LAS VEGAS - App-enabled vehicles are one of the biggest trends so far here at CES 2012, and the Ford Motor Company jumped into the pool of manufacturers making new product announcements with the debut of NPR's new SYNC AppLink-enabled news app. The app builds on NPR's previous iPhone and Android efforts by adding AppLink integration and allowing users to control listening from their car's infotainment system or with their own voice.
When not connected to your vehicle, the app functions the same as any other smartphone app, letting users search for particular programs or stations. But when you get in your car and sync your phone via Bluetooth with the AppLink system, the controls are turned over to your vehicle. When connected to your car, you can choose to listen to NPR stations from across the country, search programs by various topics, create playlists of specific programs and skip, pause or rewind individual stories.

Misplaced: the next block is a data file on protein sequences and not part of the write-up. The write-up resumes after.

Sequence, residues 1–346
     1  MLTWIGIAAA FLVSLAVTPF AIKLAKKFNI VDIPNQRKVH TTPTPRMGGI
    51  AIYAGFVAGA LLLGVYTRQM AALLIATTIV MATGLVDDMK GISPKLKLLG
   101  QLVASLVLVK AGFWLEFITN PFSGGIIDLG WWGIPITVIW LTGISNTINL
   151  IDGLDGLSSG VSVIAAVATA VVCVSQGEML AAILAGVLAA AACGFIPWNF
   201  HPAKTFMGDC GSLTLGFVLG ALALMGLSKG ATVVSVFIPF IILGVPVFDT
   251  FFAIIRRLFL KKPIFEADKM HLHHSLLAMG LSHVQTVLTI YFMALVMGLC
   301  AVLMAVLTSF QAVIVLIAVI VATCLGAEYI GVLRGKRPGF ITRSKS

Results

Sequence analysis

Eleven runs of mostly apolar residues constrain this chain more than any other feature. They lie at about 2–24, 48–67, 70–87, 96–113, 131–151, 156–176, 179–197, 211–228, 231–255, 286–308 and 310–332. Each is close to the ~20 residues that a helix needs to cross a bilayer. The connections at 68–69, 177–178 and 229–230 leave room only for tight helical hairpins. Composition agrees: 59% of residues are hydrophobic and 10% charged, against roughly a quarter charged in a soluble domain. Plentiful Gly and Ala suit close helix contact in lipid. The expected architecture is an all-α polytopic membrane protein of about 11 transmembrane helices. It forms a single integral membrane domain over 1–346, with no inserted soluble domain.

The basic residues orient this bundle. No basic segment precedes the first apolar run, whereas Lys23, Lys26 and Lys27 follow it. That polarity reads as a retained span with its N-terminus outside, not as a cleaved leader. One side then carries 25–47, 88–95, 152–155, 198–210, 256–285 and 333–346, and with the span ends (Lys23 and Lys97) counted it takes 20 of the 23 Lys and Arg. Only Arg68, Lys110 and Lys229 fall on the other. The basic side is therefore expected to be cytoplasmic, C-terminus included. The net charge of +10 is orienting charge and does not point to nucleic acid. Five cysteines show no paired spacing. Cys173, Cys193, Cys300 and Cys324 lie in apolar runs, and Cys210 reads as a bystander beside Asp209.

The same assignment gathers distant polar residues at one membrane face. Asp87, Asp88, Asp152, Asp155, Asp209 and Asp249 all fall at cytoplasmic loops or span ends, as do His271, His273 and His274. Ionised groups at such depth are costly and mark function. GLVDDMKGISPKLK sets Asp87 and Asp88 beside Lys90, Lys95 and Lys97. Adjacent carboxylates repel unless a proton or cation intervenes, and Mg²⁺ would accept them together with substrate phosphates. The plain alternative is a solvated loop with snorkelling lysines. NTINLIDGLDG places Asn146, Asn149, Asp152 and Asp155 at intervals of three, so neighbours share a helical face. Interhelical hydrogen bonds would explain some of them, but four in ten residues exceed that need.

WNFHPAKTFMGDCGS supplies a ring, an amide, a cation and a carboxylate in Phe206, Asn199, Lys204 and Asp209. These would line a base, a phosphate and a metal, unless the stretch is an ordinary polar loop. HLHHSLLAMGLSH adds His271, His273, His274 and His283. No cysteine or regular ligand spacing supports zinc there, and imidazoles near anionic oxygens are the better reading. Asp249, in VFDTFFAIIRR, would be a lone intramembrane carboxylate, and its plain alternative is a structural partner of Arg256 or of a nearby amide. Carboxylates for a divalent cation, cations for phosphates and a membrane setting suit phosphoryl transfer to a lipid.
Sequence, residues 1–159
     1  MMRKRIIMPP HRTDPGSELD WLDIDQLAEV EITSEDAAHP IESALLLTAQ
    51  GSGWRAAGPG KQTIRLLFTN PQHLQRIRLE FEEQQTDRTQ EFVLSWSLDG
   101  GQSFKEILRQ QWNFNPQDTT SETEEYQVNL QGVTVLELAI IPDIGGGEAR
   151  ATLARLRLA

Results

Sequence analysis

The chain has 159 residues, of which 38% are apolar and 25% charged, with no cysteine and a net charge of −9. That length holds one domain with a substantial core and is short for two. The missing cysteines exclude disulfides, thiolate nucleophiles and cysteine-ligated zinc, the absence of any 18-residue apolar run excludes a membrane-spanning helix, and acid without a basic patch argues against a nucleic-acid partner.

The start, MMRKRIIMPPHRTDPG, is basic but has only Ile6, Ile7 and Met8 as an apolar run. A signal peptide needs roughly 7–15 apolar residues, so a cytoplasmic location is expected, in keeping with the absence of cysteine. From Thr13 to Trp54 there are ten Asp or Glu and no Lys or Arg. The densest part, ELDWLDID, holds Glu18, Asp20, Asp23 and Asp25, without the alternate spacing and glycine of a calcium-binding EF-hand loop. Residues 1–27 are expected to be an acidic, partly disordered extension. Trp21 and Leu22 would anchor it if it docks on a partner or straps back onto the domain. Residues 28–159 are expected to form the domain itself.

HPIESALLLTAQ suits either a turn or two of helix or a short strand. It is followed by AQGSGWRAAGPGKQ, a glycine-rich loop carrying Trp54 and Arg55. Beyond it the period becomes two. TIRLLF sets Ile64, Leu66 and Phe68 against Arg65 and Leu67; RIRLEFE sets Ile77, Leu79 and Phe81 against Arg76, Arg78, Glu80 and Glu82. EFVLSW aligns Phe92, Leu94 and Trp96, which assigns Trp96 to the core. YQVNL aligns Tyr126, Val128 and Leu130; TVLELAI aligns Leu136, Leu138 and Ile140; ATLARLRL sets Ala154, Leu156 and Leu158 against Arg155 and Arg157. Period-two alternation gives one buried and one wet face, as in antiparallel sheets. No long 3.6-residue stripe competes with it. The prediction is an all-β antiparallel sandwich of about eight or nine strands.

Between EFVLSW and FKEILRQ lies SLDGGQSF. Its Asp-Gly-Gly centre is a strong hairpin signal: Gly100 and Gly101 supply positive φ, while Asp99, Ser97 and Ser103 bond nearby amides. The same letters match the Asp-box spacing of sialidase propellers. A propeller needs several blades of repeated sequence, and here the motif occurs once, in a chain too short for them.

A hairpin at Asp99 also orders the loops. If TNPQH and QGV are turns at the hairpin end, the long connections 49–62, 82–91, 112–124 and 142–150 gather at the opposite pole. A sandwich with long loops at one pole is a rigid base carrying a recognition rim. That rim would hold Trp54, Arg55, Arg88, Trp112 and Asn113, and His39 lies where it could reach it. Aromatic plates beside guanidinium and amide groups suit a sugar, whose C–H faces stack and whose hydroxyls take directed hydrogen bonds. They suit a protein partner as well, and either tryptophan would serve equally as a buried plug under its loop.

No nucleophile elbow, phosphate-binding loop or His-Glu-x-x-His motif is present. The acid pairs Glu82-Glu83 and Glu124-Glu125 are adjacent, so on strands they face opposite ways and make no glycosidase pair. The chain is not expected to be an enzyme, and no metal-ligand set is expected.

Users can also access their favorites programs as presets on their car's infotainment system. When a user syncs the app with their vehicle, the first thing they'll hear is a four minute news brief. Once the brief ends, the app will pick up with their favorite programming. Users can also choose to start the app with their own programming as well.
Ford says they are also looking into similar content agreements for SYNC AppLink, but representatives were coy about what other companies or developers they are working with. Ford also said they are working on SYNC AppLink integration with Windows Phone, which makes sense considering SYNC was born out of a joint venture between Ford and Microsoft. Right now, only iOS, Android and BlackBerry operating systems are supported by AppLink.